Probiotics helpful for antibiotic-associated diarrhea

Clinical Question:

Can probiotics prevent antibiotic-associated diarrhea and assist in the treatment of Clostridium difficile disease?

Bottom Line:

The probiotics Saccharomyces boulardii and Lactobacillus rhamnosus GG both prevent antibiotic-associated diarrhea (AAD), as does a combination of 2 or more probiotics. S. boulardii, given in addition to vancomycin or metronidazole, is also an effective treatment for Clostridium difficile disease (CDD). (LOE = 1a-)


McFarland LV. Meta-analysis of probiotics for the prevention of antibiotic associated diarrhea and the treatment of Clostridium difficile disease. Am J Gastroenterol 2006;101:812-822.

Study Design:

Meta-analysis (randomized controlled trials)


Unknown/not stated


Various (meta-analysis)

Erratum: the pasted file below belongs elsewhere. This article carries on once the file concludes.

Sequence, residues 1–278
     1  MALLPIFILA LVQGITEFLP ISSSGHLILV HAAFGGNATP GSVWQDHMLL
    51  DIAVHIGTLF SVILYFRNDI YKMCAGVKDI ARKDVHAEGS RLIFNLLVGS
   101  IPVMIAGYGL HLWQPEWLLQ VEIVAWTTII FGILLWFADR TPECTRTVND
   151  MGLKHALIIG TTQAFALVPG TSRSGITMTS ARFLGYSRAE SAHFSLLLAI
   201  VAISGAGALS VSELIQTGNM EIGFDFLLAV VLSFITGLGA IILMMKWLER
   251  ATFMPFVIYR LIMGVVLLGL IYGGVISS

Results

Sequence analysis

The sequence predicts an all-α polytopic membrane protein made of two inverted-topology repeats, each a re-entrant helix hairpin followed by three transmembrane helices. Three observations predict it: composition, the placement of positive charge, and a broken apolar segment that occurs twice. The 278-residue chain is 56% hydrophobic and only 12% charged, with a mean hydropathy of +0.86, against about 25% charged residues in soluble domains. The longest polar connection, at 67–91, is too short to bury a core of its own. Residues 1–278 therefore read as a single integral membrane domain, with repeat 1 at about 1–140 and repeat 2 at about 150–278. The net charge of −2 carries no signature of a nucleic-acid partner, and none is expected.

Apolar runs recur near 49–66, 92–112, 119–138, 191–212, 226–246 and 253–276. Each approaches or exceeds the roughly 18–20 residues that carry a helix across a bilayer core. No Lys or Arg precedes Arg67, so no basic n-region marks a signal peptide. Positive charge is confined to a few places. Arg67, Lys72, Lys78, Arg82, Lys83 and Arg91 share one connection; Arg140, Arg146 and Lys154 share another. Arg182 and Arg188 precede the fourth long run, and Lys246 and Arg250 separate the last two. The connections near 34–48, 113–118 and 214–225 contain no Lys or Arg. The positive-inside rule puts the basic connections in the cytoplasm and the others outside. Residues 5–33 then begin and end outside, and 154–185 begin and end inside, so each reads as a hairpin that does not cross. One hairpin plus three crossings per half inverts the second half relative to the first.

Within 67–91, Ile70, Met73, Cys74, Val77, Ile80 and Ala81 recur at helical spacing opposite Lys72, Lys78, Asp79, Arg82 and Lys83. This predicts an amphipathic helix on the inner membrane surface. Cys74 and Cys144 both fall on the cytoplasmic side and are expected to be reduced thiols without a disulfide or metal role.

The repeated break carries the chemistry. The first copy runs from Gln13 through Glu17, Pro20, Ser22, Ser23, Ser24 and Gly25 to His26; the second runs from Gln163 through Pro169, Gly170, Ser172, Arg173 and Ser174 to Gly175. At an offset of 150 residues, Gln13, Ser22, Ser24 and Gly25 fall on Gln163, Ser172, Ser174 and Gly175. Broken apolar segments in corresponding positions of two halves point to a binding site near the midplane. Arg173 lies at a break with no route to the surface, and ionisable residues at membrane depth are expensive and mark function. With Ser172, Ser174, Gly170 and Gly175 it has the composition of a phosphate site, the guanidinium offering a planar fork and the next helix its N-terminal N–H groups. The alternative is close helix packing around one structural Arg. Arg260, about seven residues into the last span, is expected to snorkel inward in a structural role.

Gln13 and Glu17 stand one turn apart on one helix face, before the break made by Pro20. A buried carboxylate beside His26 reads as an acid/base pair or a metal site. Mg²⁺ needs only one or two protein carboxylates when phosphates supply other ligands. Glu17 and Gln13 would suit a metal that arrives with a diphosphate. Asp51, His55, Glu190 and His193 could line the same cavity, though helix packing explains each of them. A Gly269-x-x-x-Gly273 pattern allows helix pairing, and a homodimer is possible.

A variety of probiotics have been proposed to help reestablish the gut flora, prevent AAD, and treat CDD. This meta-analysis identified any blinded randomized controlled trials (RCTs) on MEDLINE and Google Scholar and evaluated their quality. There were 25 RCTs of AAD prevention including 2810 patients and 6 RCTs of CDD treatment including 354 patients. Studies were generally of good quality. There was considerable heterogeneity regarding population and results for studies of prevention of AAD. Although there was no difference in outcomes for studies in adults or children or by duration of therapy, a greater benefit was seen for studies using a higher dose. S. boulardii and L. rhamnosus GG, both studied in 6 RCTs, were most effective (combined relative risk = 0.37 and 0.31, respectively) as were studies using a mixture of 2 probiotics. In most studies of the treatment of CDD, patients were also given vancomycin or metronidazole and the outcome was the likelihood of recurrence of CDD. Results of the 6 studies were homogeneous and a combined estimate of effect showed a relative risk of recurrent CDD of 0.59 (95% CI, 0.41 – 0.81). S. boulardii seemed to be the most effective probiotic. Adverse effects in both sets of studies were minimal. These studies took place largely in immunocompetent patients and should not be generalized to immunocompromised patients.

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